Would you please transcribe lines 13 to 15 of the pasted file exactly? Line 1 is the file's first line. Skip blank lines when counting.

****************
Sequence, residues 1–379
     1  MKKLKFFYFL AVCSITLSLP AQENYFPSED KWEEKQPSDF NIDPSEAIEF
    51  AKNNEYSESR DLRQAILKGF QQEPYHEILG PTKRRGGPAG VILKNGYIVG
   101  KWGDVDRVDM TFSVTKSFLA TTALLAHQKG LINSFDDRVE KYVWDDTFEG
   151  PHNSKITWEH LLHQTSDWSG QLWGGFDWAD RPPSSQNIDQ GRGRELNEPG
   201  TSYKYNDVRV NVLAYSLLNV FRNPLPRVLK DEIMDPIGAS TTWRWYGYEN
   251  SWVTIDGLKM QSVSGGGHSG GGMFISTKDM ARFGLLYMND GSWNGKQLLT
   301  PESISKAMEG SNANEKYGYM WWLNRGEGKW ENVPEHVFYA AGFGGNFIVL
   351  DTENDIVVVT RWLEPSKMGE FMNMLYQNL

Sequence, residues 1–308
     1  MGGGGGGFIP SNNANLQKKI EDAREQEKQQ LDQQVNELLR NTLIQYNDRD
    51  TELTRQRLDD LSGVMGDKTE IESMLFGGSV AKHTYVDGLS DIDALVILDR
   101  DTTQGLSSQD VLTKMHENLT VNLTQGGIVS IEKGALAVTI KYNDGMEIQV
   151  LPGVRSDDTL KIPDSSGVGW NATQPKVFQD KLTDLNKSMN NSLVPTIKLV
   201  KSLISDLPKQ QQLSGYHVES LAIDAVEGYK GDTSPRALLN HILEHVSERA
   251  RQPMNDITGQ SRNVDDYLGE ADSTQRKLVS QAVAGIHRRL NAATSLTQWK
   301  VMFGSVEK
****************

   101  DTTQGLSSQD VLTKMHENLT VNLTQGGIVS IEKGALAVTI KYNDGMEIQV
   151  LPGVRSDDTL KIPDSSGVGW NATQPKVFQD KLTDLNKSMN NSLVPTIKLV
   201  KSLISDLPKQ QQLSGYHVES LAIDAVEGYK GDTSPRALLN HILEHVSERA